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Global supply of micro-electromechanical systems (MEMS) was largely unaffected by the earthquake and tsunami in Japan, although about 35 percent of MEMS are at least partially produced or processed in Japan, according to researcher IHS iSuppli.
"To date, the supply of MEMS sensors and actuators remains only slightly affected by the Japan catastrophe," said Jérémie Bouchaud, director and principal analyst for MEMS at IHS iSuppli.
MEMS are used in smart phones and tablet computers, as well as medical and industrial equipment, automotive systems, and other applications.
Nine out of the top 50 MEMS manufacturers, including Canon, Panasonic and Epson, are Japanese companies. The nine companies sold $1.38 billion worth of MEMS in 2010, or about 21.3 percent of all MEMS. According to value, about 32.5 percent of MEMS sensors and actuators were processed either partly or entirely in Japanese facilities in 2010, reported IHS iSuppli.
Western companies with MEMS facilities in Japan include Freescale Semiconductor and Knowles Electronics among others.
Japan also makes nearly all of the world's digital compasses, which are becoming standard in tablets and cell phones with global positioning system (GPS) functionality, according to IHS iSuppli.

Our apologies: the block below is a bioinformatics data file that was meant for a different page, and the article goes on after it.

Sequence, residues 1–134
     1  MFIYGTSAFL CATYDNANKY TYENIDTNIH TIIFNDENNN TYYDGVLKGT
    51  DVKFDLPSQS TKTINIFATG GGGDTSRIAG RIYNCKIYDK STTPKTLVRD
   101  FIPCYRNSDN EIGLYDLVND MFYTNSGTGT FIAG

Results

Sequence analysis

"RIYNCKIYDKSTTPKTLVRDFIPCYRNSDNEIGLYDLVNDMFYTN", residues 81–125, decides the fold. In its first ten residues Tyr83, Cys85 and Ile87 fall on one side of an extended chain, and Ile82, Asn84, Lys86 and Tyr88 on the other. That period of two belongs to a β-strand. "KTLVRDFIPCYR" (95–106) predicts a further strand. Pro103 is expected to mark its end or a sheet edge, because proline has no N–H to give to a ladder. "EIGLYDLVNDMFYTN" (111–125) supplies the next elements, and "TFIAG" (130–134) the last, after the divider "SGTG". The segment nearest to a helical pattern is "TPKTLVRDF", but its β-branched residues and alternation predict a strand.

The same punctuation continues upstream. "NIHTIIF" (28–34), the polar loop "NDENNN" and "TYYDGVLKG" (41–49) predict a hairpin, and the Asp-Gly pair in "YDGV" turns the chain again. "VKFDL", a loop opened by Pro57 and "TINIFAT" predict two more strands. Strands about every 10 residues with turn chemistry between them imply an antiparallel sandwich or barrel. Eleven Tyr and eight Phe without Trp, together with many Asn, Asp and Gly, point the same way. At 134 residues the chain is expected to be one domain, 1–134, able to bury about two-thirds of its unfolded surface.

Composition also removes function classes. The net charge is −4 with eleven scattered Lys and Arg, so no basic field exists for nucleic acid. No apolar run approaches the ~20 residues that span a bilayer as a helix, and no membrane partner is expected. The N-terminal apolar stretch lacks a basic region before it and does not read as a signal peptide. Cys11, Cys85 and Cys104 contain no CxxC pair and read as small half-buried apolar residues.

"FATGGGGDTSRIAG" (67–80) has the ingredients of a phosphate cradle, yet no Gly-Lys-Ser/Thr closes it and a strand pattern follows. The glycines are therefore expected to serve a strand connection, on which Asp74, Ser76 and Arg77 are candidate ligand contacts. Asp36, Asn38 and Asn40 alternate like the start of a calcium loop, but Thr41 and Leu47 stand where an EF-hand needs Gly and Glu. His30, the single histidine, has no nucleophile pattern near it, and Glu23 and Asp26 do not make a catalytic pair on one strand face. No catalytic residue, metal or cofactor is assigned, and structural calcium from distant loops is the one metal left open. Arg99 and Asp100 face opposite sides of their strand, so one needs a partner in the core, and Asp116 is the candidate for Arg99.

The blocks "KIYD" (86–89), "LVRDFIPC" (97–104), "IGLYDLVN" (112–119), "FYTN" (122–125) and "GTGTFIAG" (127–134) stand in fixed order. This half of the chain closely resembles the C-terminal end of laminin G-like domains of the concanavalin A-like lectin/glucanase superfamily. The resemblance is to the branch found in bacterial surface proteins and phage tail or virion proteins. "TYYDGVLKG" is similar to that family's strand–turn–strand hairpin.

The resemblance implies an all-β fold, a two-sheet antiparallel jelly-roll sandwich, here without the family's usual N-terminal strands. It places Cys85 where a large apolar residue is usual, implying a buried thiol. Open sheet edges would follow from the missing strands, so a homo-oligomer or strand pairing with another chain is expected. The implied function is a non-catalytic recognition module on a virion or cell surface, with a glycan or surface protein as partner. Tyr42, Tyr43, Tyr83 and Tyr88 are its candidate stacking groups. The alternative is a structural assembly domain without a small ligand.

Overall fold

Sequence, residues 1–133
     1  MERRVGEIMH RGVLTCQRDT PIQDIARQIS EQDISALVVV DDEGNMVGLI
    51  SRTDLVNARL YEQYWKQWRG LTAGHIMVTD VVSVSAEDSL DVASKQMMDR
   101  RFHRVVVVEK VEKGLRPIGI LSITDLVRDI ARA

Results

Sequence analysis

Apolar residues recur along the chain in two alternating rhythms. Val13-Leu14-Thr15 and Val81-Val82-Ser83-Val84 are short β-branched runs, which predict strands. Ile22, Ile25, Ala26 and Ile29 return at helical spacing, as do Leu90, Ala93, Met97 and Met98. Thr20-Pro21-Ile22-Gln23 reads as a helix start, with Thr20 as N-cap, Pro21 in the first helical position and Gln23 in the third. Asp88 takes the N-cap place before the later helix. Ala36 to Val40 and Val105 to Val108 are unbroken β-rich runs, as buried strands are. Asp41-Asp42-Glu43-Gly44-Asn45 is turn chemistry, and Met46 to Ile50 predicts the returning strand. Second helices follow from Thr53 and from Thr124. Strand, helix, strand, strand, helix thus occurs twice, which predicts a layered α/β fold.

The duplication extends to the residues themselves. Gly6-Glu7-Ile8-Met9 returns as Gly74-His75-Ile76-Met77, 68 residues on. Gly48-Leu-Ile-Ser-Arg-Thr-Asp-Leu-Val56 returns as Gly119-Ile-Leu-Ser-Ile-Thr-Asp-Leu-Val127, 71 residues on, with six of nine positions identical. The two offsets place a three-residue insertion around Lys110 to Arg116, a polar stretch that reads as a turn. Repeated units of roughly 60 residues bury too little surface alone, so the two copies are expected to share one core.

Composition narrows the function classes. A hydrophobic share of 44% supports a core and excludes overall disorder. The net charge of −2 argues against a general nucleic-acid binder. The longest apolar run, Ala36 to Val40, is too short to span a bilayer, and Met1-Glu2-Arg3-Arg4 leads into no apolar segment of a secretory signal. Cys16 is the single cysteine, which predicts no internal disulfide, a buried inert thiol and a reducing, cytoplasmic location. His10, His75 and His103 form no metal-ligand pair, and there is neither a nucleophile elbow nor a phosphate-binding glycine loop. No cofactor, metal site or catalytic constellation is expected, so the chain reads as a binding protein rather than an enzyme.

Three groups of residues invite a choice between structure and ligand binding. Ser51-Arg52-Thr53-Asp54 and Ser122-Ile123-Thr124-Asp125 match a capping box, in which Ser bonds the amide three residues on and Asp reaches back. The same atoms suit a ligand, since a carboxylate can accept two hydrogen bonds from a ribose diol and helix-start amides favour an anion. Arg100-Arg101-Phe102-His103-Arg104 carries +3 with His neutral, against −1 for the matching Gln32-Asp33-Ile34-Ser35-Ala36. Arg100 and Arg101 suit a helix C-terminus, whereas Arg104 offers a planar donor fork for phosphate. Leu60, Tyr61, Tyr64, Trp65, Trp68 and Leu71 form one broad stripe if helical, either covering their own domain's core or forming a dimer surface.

Fortunately for the MEMS industry, most MEMS manufacturing is located in southern Honshu. The quake occurred in the northern part of the island. In addition, many MEMS and compass suppliers have multiple fabrication plants for manufacturing, so the impact of the quake was not as severe on overall supply, although some fabs were damaged and shut down by the quake.
In fact, only three of the 22 largest MEMS and compass fabrication plants in Japan suffered direct damage, according to IHS iSuppli.
The three damaged facilities are owned by Freescale, Canon Corp. and Texas Instruments. Freescale had already planned to shut down its fab in Sendai prior to the quake and transfer MEMS production to a fab in Texas.
Canon makes printers and MEMS print heads in the city of Fukushima. Production stopped after the plant was damaged by the quake, but the plant has been repaired and is operating, reported IHS iSuppli.
Texas Instruments' Miho fab northeast of Tokyo has undergone the repair of various infrastructure systems damaged by the quake. Full production will resume by the middle of July.